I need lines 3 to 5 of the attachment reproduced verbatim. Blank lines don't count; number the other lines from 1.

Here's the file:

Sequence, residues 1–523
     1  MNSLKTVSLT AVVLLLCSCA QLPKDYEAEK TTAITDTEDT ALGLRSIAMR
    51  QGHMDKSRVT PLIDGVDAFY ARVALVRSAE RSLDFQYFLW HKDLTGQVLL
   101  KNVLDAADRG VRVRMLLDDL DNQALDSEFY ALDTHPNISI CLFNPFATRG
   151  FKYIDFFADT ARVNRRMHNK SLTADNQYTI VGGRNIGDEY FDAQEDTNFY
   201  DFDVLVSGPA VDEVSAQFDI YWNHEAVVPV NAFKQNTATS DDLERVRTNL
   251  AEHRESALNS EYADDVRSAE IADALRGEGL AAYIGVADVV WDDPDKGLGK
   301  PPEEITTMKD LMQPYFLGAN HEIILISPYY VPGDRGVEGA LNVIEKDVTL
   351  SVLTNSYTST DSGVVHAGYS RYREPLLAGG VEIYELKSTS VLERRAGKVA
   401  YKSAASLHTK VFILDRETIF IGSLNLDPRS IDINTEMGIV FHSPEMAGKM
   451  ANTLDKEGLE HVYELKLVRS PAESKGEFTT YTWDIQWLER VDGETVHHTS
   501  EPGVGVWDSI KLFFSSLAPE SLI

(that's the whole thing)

    51  QGHMDKSRVT PLIDGVDAFY ARVALVRSAE RSLDFQYFLW HKDLTGQVLL
   101  KNVLDAADRG VRVRMLLDDL DNQALDSEFY ALDTHPNISI CLFNPFATRG
   151  FKYIDFFADT ARVNRRMHNK SLTADNQYTI VGGRNIGDEY FDAQEDTNFY